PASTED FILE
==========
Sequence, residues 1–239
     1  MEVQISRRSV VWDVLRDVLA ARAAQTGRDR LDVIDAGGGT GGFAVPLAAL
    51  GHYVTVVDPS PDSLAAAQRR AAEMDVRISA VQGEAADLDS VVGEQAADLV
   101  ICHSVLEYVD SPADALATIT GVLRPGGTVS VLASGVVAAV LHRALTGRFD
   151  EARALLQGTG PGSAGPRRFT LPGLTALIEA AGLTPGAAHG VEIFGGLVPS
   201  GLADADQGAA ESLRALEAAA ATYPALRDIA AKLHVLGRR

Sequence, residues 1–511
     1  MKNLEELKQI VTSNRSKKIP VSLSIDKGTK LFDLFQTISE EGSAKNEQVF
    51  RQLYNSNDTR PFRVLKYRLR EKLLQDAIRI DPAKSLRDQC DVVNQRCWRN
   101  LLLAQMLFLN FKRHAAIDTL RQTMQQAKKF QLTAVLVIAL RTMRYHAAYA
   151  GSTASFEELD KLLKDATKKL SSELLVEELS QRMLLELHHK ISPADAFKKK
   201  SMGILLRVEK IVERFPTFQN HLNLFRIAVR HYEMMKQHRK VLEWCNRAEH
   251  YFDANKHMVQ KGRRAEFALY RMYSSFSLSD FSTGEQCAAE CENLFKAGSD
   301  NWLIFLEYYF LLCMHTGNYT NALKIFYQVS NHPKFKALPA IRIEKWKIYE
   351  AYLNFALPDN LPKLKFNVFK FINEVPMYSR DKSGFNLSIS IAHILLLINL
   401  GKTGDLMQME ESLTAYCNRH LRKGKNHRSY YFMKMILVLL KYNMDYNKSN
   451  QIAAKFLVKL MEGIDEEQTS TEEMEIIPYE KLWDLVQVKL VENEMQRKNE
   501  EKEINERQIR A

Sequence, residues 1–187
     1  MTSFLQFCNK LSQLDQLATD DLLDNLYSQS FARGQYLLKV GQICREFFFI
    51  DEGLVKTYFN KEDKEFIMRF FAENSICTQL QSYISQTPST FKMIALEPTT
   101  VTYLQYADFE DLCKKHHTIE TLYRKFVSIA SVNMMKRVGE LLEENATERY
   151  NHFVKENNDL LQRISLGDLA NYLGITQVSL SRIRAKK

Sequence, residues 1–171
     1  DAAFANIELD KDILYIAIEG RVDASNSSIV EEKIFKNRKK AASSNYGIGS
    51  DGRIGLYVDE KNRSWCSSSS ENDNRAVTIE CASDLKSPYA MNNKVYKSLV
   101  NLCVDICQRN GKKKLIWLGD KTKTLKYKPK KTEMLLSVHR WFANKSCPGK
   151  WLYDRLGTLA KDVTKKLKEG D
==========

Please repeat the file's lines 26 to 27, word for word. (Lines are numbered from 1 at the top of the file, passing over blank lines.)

    51  DGRIGLYVDE KNRSWCSSSS ENDNRAVTIE CASDLKSPYA MNNKVYKSLV
   101  NLCVDICQRN GKKKLIWLGD KTKTLKYKPK KTEMLLSVHR WFANKSCPGK